The current issue of ASGCA Insights sources recent SLRG research that speaks to a heightened golf facility interest in the addition of forward tees.
The facility enhancement most desired by golfers at both public and private courses is a course renovation, so say golf course superintendents and general managers. That is just one result of the “Golf Facility Market Trend Watch” report, commissioned by the American Society of Golf Course Architects (ASGCA) and conducted by Sports & Leisure Research Group (SLRG).
Results were publicly released at the 2019 PGA Show in Orlando, and Golf Industry Show in San Diego.
The online study, conducted and analyzed in fall 2018, was distributed to more than 40,000 people, including ASGCA members, and subscribers of By Design and Golf Course Industry magazines. Respondents included golf course architects, superintendents, general managers, facility owners/operators, golf professionals and industry leaders.
“There is more investment being made in golf facilities each year, and those facilities are seeing a return on that investment,” ASGCA President Jeff Blume said. “It is interesting to see that now 70 percent of general managers think their golfers would welcome the addition of forward tees; that’s a 30-point increase in just one year.”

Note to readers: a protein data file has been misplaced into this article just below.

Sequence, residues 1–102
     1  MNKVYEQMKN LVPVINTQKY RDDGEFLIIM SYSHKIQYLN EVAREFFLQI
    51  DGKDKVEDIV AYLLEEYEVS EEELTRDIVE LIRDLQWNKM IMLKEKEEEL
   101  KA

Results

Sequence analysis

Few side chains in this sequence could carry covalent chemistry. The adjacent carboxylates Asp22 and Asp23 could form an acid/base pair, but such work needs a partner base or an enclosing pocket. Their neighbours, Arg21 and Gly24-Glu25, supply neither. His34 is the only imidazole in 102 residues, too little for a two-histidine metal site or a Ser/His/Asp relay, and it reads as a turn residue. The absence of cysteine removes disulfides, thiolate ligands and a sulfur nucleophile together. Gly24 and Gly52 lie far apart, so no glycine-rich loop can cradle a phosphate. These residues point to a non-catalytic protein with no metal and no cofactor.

“The golf business continues to evolve,” said Jon Last, SLRG founder and president. “This year’s data shows consistent responses in several key areas, but some views are changing, which is also worth noting.”
The study illustrates what ASGCA members are experiencing in the field, that the growth in master planning projects, bunker renovations and turf reduction is quite real.
In a series of questions covering everything from golf course length to the impact of American with Disabilities Act laws, superintendents were most in agreement that allocating 10-12 acres of land for a practice range is a worthwhile investment.
Club operators at both public and private facilities agree their biggest challenges are competition for customers’ leisure time, as well as maintenance costs. When those costs are broken down, labor costs are shown to have the most significant impact on a facility’s financial health.
The complete study can be seen here.